As the electronic music industry comes to terms with the death of one of its technological pioneers, Ikutaro Kakehashi, The Waveform Transmitter’s Andy Weights reflects on the legacy left by a legendary figure.
The electronic music world is mourning the death of Ikutaro Kakehashi, the Roland founder and electronic instrument pioneer.
The man behind MIDI and the iconic TR-808 rhythm controller had for more than 40 years had led and developed the production of amplifiers, keyboards and drum machines for Roland.
It all began in the 1950s, fixing organs and creating prototype electronic instruments. It was through this adventuring, that he started Ace Tone Organ Company which later transformed into Hammond Organ Japan. He switched over to Roland in the 1970s and saw his inventions flourish with technical advances that forwarded the musical diversity of the globe.
Famed for creating the pre-set rhythm-pattern generator which evolved into the famous TR808 and CR-78 drum machines, wildly used by artists from the 70s and still greatly revered today by electronic music acts, these instruments will go down as his greatest accomplishment.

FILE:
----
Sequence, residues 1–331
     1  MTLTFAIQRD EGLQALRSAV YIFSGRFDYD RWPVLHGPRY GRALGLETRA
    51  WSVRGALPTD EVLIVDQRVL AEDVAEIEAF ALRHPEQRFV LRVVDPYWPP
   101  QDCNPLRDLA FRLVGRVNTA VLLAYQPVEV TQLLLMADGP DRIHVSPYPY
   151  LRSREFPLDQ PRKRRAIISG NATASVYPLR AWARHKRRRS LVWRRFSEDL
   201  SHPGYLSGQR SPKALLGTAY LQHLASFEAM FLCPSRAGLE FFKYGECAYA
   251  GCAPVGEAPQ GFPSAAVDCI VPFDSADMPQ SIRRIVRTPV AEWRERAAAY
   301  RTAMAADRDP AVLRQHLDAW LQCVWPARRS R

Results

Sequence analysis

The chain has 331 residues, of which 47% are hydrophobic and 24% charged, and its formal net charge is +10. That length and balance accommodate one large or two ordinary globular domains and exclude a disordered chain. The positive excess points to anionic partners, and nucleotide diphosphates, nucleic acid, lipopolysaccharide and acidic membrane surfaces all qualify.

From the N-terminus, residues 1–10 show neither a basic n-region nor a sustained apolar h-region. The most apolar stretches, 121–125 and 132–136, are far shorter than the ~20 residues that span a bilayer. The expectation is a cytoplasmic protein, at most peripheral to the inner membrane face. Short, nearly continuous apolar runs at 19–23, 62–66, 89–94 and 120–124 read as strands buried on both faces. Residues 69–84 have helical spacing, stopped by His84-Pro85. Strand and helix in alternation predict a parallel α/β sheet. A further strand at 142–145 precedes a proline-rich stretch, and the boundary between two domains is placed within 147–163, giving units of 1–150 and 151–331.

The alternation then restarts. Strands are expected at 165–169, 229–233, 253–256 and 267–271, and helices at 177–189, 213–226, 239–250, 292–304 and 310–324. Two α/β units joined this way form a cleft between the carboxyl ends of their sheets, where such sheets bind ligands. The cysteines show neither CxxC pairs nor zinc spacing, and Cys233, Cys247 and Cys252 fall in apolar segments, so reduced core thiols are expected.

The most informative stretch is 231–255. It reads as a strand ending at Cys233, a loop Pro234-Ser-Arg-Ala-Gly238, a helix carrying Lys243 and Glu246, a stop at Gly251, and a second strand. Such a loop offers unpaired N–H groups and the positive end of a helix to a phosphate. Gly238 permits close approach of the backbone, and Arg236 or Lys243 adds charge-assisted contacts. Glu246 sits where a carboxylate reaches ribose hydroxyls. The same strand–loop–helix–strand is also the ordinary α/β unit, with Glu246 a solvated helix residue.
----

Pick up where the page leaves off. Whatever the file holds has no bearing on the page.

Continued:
The creation of MIDI or musical instrument digital interface, was very influential on the sonic nascence of the 80s and 90s. Ikutaro alongside Oberheim founder Tom Oberheim and Dave Smith the Sequential Circuits president were all pivotal in its conception and production. Both Smith and Ikutaro received a technical Grammy award in 2013 for their efforts.
Later in life the electronic, circuit maestro had also become interested in audio visuals, founding the ATV company.
Ikutaro published an autobiography titled I Believe in Music in 2002. He was 87 years old and left a legacy of inventions and pioneering instruments that have changed the face of music for over 50 years. RIP Ikutaro Kakehashi, give us a “saw wave” from the afterlife.